The Importance Of Sleep

Back to Article
Back to Article

The Importance Of Sleep

By Pixabay

By Pixabay

By Pixabay

Olivia Harris, Journalist

Hang on for a minute...we're trying to find some more stories you might like.


Email This Story






Today, people seem to have less time than ever before. Young people in particular lead very busy lives. When attempting to juggle education, social events, sports, and various other activities, sleep often gets put on a back burner. Many people feel that they just don’t have enough time to get the sleep that they need, and when life gets hectic, sleep is the first thing to go. This is a trend that could have a massive impact on general health and well-being.

The National Sleep Foundation recommends that teenagers sleep for eight to ten hours a night.

However, many teens are receiving far less than that. A study published in 2017 by The San Diego State University found that around 40% of adolescents in 2015 slept, on average, less than 7 hours a night. This is a significant problem because sleep deprivation can impact one’s performance in all aspects of life. It can lead to physical health risks, such as heart problems, or increased probability of a car crash. Sleep deprivation also affects one’s mental health.

According to a 2005 study, people with anxiety or depression were much more likely to sleep less than six hours a night than people without one of the illnesses. In addition, people with insomnia are five times more likely to develop depression than someone who does not suffer from the condition.

Not only can sleep deprivation endanger one’s physical and mental well-being, but it can also impact productivity and school performance. It can make it more difficult to learn, retain information, and think critically. This means that someone who is sleep-deprived will likely have to spend more time on school activities than someone who is not. Being compelled to spend more time on school leaves less time for sleep, and creates a downward spiral.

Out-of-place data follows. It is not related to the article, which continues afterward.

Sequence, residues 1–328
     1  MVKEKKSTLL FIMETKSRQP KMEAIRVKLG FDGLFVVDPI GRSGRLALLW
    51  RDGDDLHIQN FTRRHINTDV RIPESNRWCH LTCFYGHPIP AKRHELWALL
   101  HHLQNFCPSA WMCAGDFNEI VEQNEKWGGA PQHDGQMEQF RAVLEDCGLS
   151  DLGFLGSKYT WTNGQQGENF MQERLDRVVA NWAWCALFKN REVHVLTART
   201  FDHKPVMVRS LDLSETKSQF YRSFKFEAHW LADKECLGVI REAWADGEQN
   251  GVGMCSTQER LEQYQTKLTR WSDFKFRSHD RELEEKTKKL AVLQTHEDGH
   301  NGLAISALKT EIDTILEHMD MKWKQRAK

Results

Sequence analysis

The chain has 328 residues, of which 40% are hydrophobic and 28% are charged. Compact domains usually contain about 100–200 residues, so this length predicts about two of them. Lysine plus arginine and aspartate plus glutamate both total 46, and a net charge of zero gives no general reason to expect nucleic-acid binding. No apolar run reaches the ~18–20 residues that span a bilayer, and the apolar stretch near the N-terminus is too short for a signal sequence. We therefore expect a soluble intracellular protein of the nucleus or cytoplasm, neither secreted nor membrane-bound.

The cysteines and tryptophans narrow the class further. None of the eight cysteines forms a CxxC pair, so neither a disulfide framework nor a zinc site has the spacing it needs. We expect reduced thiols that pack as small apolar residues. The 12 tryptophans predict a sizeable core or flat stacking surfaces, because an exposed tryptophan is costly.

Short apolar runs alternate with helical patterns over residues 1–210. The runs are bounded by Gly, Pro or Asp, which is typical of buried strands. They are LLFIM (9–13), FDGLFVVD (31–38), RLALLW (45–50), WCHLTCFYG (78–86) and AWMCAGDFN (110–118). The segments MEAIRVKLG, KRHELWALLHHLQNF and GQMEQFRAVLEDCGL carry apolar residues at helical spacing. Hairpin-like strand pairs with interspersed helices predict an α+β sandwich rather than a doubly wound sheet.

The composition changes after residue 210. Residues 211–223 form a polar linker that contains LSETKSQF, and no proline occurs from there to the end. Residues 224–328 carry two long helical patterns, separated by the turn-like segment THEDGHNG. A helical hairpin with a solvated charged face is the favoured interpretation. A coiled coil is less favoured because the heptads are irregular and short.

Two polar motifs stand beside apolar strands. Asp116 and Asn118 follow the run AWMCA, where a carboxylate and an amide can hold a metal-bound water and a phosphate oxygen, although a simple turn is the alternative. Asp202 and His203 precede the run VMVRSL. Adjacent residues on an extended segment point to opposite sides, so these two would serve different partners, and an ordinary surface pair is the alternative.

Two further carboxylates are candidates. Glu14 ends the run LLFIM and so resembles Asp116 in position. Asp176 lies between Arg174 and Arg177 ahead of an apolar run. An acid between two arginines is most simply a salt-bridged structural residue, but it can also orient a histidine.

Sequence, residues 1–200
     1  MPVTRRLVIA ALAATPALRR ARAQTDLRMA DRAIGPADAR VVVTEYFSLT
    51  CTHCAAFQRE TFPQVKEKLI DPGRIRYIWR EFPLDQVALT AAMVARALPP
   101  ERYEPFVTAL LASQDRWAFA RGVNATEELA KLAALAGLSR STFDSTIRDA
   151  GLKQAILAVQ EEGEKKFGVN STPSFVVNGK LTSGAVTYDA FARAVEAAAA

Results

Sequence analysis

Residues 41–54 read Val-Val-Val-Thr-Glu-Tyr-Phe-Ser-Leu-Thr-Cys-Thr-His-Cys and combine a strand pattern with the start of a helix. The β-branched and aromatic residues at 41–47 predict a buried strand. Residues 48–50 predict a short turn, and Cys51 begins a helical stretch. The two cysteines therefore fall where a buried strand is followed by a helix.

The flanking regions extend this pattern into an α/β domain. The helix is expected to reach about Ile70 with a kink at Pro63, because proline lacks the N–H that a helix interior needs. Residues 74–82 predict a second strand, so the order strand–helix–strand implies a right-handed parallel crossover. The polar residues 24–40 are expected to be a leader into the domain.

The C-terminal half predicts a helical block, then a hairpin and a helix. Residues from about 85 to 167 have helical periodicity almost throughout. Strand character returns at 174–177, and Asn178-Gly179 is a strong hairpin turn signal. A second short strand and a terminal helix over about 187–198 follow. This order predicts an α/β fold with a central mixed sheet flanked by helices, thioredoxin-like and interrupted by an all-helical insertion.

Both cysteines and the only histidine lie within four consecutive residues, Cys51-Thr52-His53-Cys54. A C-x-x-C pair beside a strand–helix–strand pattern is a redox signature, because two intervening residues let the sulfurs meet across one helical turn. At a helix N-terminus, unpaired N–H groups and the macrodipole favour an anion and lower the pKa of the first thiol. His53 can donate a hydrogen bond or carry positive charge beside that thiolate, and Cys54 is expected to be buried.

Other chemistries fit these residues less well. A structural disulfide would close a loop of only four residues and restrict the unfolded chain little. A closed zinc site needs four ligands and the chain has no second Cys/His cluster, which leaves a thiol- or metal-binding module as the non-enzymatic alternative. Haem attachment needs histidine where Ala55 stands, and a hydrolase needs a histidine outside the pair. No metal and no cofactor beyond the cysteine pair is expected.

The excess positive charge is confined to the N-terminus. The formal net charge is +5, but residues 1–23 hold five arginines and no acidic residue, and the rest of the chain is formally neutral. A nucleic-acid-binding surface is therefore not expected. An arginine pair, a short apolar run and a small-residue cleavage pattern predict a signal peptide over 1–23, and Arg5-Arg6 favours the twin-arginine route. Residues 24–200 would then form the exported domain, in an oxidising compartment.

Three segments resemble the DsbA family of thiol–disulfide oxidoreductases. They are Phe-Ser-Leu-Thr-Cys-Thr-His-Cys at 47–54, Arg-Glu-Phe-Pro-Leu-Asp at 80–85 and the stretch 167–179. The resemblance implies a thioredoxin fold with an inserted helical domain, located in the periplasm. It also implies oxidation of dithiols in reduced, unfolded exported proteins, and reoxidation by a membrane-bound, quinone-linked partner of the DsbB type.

In order to prevent this spiral and protect your health, it is essential to make sleep a priority. The National Sleep Foundation recommends creating a routine to help your mind and body know when to sleep and when to wake up. This includes a specific sleeping and waking time, and avoiding caffeine late in the day.

Tom Rath stated, “Every hour of sleep is an investment in your future, not an expense.” Getting enough sleep is an amazing habit that can benefit you your entire life. If you make time for sleep, you will feel healthier, happier, and more productive.

 

Bibliography:

“More Teens than Ever Aren’t Getting Enough Sleep.” ScienceDaily, ScienceDaily, 19 Oct. 2017, www.sciencedaily.com/releases/2017/10/171019100416.htm.

Peri, Camille. “10 Surprising Effects of Lack of Sleep.” WebMD, WebMD,
www.webmd.com/sleep-disorders/features/10-results-sleep-loss#2.

“Sleep for Teenagers.” National Sleep Foundation, www.sleepfoundation.org/articles/teens-and-sleep.